Background: While the adjusted clinical group (ACG) system has been extensively validated in the United States, its use in other developed nations has been limited. This article examines the performance of the system in 2 Canadian provinces and assesses the extent to which ACGs can account for same-year and next-year health care expenditures.
Methods: The study population included all residents of Manitoba and British Columbia who were continuously enrolled in the provincial health plans from April 1, 1995, to March 31, 1997. ACGs were assigned through diagnoses from fee-for-service physician claims and hospital separation records. "Physician" costs were calculated from the fee-for-service tariffs, and for Manitobans, "total" costs were also computed by combining physician and hospital costs. Linear regression was used to examine the ability of the ACG system to explain variation in individual costs (truncated at the 99th percentile).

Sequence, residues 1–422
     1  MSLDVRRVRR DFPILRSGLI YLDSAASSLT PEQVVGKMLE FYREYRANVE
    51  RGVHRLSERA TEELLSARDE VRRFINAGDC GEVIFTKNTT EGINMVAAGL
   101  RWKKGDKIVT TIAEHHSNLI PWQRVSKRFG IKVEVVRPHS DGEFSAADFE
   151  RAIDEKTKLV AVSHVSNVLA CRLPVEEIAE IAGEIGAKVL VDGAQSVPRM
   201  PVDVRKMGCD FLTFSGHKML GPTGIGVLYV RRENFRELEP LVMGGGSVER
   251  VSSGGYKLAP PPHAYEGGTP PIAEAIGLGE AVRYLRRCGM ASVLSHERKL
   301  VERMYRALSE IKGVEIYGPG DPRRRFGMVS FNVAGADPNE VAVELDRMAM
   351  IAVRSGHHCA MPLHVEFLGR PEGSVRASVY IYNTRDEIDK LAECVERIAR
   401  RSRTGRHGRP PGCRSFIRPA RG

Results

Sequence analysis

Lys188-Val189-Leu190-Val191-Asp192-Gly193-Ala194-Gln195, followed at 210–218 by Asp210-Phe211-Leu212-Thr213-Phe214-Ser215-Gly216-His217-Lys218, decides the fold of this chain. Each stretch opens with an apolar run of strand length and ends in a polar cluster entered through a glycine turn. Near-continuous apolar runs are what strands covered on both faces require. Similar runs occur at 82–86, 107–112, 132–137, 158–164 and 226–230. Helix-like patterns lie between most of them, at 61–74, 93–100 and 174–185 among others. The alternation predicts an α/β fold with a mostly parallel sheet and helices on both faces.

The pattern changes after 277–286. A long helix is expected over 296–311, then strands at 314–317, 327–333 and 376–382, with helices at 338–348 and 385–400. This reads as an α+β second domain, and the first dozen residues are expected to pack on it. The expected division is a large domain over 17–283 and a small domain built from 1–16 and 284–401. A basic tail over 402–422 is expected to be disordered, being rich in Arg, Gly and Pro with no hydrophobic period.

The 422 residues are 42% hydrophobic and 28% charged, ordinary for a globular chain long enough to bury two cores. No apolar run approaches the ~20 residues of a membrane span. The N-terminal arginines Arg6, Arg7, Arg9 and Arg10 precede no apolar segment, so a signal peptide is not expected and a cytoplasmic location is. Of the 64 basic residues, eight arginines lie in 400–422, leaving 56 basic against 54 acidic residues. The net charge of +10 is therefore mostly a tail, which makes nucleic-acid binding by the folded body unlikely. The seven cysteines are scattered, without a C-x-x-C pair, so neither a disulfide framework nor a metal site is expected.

Results: The British Columbia and Manitoba data were generally acceptable, with fewer than 2% rejected diagnoses. Higher costs were associated with both the accumulation of morbidities and their relative severity. For physician costs, the ACG system explained approximately 50% and approximately 25% of the variation in same-year and next-year truncated costs, respectively. For total costs, the system explained approximately 40% and approximately 14% of these respective costs.
Conclusions: The application of ACGs in Canada is feasible using existing data. The ability of the ACG system to explain variation in costs is similar to that found in US health systems. While application of ACGs in Canada shows promise, further research is required to examine how closely they reflect population morbidity burdens and health care needs.